Monday, September 18, 2017

Seckel or Seckle Pears originally from Philadelphia


The Seckel pear, the "finest pear," had a celebrated ‘original tree’ on Seckel’s farm, later part of the Stephen Girard estate, south of Philly.  The tree was said to have been found in the 1760s, survived for decades and was even pictured in magazines.

Monday, September 11, 2017

Asenath Nicholson - from Graham crackers to the Irish famine

Asenath Nicholson (1792-1855) started as a teacher then social activist, writer, managed Graham boarding houses in NYC, vegetarian and traveled alone through Ireland 1844-5, and 1847-9 during the famine.  She wrote two cookbooks -  Nature’s Own Book 1835 (27 recipes in 9 of the 84 pages) and her 1848 A Treatise on Vegetable Diet (60 recipes in 10 of the pages).

Monday, September 4, 2017

Soyer's Dublin Soup Kitchen 1847

Alexis Soyer (1810-1858) went to the aid of the starving poor during the Irish potato famine by designing a soup kitchen and recipes.  He was the famed chef and designer of the Reform Club kitchen from 1837-1850, inventor and writer.

Monday, August 28, 2017

Brandied Peaches

Another of the 10 peach recipes in Maryland's Elizabeth Ellicott Lea Domestic Cookery - Peaches in Brandy. The glorious peach on the right was obtained by pouring "boiling water on them, and wipe off the down."  When done properly, the skin came off easily; the other two of the first batch were... not smooth...at all 

Monday, August 21, 2017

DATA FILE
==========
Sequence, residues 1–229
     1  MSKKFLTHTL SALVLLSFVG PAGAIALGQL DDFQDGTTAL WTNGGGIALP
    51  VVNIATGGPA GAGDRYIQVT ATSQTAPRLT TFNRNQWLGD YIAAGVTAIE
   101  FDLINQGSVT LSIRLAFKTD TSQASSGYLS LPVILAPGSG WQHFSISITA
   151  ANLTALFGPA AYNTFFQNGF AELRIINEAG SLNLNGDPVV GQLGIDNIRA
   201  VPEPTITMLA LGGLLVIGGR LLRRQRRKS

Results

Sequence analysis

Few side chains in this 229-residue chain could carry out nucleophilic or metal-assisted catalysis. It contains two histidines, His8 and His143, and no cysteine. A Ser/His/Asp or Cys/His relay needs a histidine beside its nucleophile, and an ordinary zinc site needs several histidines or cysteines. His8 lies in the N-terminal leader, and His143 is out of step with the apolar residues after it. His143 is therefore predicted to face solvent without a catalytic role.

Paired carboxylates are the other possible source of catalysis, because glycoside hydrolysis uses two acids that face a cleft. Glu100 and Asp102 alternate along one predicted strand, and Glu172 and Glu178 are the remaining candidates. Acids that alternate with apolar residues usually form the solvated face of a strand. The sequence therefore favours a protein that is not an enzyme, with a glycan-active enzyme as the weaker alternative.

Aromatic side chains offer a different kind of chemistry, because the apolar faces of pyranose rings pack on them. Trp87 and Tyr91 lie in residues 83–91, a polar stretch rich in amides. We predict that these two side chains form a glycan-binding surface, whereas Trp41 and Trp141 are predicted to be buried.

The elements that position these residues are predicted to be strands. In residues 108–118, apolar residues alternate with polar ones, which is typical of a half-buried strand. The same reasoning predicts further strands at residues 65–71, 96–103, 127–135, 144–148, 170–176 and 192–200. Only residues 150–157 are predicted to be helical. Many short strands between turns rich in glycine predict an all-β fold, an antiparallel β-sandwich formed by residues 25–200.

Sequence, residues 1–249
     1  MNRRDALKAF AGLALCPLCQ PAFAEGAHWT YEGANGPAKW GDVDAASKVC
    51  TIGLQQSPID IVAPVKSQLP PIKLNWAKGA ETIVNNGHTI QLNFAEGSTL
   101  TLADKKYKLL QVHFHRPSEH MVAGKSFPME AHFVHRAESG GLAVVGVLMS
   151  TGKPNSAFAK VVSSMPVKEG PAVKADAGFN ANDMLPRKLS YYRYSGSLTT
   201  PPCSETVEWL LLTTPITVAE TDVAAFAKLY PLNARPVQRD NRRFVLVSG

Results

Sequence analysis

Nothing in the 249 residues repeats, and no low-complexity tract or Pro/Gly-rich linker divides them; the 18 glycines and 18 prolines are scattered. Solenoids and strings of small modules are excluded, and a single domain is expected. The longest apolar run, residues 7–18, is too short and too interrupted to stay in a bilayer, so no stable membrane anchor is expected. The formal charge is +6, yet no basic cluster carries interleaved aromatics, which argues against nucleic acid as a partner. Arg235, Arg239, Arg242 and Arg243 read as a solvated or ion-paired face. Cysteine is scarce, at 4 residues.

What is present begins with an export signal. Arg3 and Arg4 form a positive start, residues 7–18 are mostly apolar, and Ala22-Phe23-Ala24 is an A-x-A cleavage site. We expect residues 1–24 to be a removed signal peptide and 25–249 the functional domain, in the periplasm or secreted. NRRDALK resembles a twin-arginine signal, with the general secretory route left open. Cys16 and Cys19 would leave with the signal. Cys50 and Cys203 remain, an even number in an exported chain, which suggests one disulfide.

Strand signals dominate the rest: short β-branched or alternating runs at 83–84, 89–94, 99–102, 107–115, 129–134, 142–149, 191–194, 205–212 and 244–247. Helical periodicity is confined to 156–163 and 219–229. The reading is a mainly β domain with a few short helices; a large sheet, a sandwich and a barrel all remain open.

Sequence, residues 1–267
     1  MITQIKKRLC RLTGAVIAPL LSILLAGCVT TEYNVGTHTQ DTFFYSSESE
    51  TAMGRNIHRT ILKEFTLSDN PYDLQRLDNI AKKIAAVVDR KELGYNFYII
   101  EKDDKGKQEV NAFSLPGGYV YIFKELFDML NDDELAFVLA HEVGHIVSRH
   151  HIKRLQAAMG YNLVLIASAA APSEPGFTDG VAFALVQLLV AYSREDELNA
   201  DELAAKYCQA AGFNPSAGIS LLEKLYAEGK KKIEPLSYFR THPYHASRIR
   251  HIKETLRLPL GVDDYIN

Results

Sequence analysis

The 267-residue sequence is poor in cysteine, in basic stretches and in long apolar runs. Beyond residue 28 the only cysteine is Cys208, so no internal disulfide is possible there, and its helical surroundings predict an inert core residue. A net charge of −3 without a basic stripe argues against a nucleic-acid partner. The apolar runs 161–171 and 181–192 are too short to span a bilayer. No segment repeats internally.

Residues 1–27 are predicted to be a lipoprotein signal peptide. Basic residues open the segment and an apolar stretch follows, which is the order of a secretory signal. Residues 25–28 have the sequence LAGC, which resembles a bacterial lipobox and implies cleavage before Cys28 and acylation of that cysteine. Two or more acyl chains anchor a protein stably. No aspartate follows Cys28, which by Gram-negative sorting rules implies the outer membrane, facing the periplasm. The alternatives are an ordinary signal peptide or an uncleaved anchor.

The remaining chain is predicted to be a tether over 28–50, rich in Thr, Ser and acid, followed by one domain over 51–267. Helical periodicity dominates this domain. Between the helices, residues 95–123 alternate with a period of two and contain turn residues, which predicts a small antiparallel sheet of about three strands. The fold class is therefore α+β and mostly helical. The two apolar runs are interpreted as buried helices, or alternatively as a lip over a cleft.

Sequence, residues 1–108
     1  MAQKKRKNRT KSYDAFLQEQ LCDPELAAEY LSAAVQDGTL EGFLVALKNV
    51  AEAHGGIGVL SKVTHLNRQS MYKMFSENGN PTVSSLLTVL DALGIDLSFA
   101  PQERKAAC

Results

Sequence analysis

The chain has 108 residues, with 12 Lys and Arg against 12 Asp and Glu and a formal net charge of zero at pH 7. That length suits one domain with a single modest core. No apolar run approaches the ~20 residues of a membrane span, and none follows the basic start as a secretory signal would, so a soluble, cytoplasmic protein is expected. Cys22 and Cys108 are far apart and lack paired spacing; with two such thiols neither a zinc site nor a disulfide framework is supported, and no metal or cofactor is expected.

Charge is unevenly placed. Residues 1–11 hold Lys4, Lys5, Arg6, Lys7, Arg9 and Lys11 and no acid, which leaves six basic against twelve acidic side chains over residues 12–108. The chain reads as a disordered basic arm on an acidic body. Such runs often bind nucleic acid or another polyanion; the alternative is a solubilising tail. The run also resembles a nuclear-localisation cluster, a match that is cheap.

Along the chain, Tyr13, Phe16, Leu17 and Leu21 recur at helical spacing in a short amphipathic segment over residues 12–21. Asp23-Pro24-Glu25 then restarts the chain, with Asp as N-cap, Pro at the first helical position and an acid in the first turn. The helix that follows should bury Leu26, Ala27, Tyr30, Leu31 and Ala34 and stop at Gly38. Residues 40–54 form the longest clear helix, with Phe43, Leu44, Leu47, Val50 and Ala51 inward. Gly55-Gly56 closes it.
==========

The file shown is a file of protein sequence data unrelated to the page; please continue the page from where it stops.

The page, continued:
Mary Randolph's Peach ice cream

Mary Randolph's Virginia Housewife, first published in 1824, included many ice cream recipes - peach, vanilla, coffee, chocolate, cocoa nut, iced jelly, strawberry, raspberries, lemonade iced, citron melon, almond and... oyster.

Monday, August 14, 2017

Shrimpers

Standing in water for hours pushing their nets ahead of them in the sand, the picturesque Shrimpers captured the shrimp and/or prawns.  When prepared, the shrimp formed "a delightful show, their brilliant red coats being garnished with green parsley." From Pyne's 1827 book.

Monday, August 7, 2017

Summer Kitchen # 2 - 18th century out-kitchens

In a previous post - 7 years ago, (when this post was written, oops) - HERE, I discussed 19th century 'summer kitchens'.  In the 18th century they were called 'out kitchens', or just 'kitchens'.  The reason for the detached kitchens? - to keep homes "...more cool and Sweet" and "...because the Smell of hot Victuals, offensive in the hot Weather."

Tuesday, August 1, 2017

Camp cookery - outdoor stewstove and improvised ovens

Stew stoves - one of my favorite flue-zies - were described in a 1882 camping book. The image shows two green logs flattened along the top to securely place the pots and pans over coals from the main fire.  Another camping book had illustrations of different pots and pans used to make ovens.

Monday, July 24, 2017

"The Nursery Chair" and a Gingerbread & lemonade stand

Two poems in a children's book from 1880.  In the first poem, the little girl is "plucking the raisins so rich" from her [Queen Cakes?] "cake that is flavoured with spice."  In the second poem - the children asked “If you please, Mrs. Grumpy, we’d like lemonade, and sweet sugar candy with almonds inlaid.”

Monday, July 17, 2017

Alligator Pears since 1600 (Aguacates, Alvacatas, Avocados)